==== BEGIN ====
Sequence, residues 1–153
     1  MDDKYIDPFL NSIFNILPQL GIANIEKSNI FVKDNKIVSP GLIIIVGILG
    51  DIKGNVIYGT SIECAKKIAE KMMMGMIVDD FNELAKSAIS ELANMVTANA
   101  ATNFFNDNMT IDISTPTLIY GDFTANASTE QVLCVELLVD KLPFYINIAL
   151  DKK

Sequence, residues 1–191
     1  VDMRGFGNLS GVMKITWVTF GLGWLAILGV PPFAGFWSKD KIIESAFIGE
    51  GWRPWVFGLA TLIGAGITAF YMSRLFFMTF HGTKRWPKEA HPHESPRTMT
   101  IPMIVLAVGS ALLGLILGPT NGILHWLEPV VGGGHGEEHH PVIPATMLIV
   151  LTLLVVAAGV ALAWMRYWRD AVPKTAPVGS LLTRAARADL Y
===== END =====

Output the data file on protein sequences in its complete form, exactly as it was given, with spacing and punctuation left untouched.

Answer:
Sequence, residues 1–153
     1  MDDKYIDPFL NSIFNILPQL GIANIEKSNI FVKDNKIVSP GLIIIVGILG
    51  DIKGNVIYGT SIECAKKIAE KMMMGMIVDD FNELAKSAIS ELANMVTANA
   101  ATNFFNDNMT IDISTPTLIY GDFTANASTE QVLCVELLVD KLPFYINIAL
   151  DKK

Sequence, residues 1–191
     1  VDMRGFGNLS GVMKITWVTF GLGWLAILGV PPFAGFWSKD KIIESAFIGE
    51  GWRPWVFGLA TLIGAGITAF YMSRLFFMTF HGTKRWPKEA HPHESPRTMT
   101  IPMIVLAVGS ALLGLILGPT NGILHWLEPV VGGGHGEEHH PVIPATMLIV
   151  LTLLVVAAGV ALAWMRYWRD AVPKTAPVGS LLTRAARADL Y